Monday, 7 May 2018

Undavalli Caves, Andhra, 4th and 5th century rock-cut temple - a National Monument

The Undavalli Caves The Mysterious India
The Undavalli Caves Wikipedia
Rock-cut architecture is a unique  practice of creating a structure by carving it out of solid natural rock. India has innumerable rock-cut temples across many  states, depicting Hindu, Jain sculptures and Buddhist Vihara. These rock-cut temples are quite famous and  and are carved into huge blocks of rocks with care and proper planning. The rock-cut temple architecture varies from place to place, depending on the terrain. It is estimated that India has  more than 1,500 known rock cut structures, belonging to various period. Many of them  contain artwork of global importance, and most are adorned with exquisite stone carvings. They are typical examples of  structural engineering and craftsmanship, besides topology and petrology of the locality. Nature of rocks plays plays a key role in the rock-cut carvings.  In many parts of India, the caves are regarded as places of sanctity. Some kind of divinity is attached to them since ancient times. Some of them are pretty old dating back to 100 BC and 170 AD.
The Undavalli Caves in the village of Undavalli in Tadepalli Mandal in Guntur District, near the southern bank of Krishna river, Andhra state  are unique, following the principles of  Indian rock-cut architecture. They are just 6 km south west of  Vijayawada and can be accessed from NW of Guntur City, about 22 kilo meters.
The terrain where the caves lie is made of sedimentary rocks, in particular, sandstone. Obviously, the caves are cut into  solid sandstone on a hillside and they belong to  the 4th to 5th centuries A.D. Among the many caves, the popular and largest one has four stories with a huge statue of Lord Vishnu in a reclining posture ( Ananthasayanam) sculpted from a single block of granite inside the second floor. Inside the cave, there are other small shrines, dedicated to Trinity Gods (Trimurti): Brahma, Vishnu and Shiva. Main cave represents  the earliest examples of Gupta architecture, with primitive rock-cut monastery cells carved into the sandstone hills. The overall shape is that of  a Buddhist monastery, however, the first floor still retains  the style of Buddhist Vihara, including some Buddhist artwork. There are several  sculptures carved on the wall  by the  skilled craftsmen.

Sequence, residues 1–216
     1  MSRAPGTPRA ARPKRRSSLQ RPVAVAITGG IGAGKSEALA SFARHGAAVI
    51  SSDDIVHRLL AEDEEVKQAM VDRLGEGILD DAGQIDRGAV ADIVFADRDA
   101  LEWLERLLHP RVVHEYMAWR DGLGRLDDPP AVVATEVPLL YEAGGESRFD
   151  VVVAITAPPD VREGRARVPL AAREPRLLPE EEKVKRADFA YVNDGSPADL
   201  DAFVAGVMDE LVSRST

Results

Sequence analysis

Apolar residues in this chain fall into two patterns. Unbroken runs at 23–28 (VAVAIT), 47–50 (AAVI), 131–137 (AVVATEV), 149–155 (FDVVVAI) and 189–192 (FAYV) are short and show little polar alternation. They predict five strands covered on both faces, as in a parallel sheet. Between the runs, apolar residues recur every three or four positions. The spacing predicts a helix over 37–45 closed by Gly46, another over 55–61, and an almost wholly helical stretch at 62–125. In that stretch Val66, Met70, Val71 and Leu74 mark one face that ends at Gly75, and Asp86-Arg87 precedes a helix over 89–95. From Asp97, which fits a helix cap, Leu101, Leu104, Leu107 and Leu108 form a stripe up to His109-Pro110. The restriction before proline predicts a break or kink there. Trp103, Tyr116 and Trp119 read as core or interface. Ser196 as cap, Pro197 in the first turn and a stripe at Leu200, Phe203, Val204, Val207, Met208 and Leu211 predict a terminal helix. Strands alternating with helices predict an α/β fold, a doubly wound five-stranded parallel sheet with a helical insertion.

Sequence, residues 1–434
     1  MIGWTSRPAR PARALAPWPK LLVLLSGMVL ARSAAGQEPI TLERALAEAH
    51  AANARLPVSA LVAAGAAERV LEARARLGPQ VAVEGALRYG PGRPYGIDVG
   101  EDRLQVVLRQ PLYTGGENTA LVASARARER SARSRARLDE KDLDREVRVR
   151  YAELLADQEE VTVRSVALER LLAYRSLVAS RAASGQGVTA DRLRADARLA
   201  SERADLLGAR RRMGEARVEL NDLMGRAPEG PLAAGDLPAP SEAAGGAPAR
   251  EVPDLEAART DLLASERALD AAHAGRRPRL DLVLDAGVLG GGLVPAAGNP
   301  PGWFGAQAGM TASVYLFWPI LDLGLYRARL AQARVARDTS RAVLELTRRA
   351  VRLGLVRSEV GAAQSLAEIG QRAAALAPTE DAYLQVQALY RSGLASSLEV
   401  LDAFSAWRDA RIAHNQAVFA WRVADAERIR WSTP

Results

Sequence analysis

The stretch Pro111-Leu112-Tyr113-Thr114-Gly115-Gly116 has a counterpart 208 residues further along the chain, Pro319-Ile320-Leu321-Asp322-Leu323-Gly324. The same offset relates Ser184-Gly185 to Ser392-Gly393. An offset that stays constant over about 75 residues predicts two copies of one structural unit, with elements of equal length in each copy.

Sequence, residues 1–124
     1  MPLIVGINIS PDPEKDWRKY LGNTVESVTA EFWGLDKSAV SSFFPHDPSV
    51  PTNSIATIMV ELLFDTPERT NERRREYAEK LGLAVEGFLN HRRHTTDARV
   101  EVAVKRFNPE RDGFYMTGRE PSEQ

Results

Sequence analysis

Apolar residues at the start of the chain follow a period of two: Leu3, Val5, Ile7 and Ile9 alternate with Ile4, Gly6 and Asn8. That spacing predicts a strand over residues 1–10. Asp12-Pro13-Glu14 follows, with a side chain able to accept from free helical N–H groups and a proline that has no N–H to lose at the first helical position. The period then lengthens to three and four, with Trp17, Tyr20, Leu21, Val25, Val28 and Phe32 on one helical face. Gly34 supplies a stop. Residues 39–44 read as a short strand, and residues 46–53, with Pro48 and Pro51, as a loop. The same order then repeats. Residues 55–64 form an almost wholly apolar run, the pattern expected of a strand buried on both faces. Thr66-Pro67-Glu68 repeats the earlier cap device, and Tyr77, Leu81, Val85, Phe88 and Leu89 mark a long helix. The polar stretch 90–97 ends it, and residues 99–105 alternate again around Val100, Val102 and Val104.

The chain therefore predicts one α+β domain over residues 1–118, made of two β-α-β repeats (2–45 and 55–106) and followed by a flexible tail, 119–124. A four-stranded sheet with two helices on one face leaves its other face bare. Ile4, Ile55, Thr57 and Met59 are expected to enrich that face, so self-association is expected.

This four-story rock cut temple with East facing facade  measures  29 m long, 16 m wide. Each floor has its own depth of cut into the rock on the hill slope. The hall in the ground floor is incomplete with 8 pillars and 7 door openings on façade. On the first floor three shrines are located in the back, each with pillared hall in front, originally dedicated to the Trinity Gods. the fouth floor is incomplete  with a sculpted statue of lord Buddha in a reclining posture. Some sculptures  seem to belong to Chalukyan period. It is one of the centrally protected monuments of national importance.

It is strongly believed the caves at Undavalli   are closely linked to the Vishnukundina kings of 420 to 620 A.D as they happened to be ardent devotees of   Ananta Padmanabha Swamy and Narisimha Swamy.  Overlooking the Krishna River, the caves that exemplify Hindu architecture  are in the midst of serene greenery. Hence, the Buddhist monks, in those days, used this place for rest, relaxation and meditation.
http://guntur.nic.in/undavalli_caves.html
 https://en.wikipedia.org/wiki/Undavalli_Caves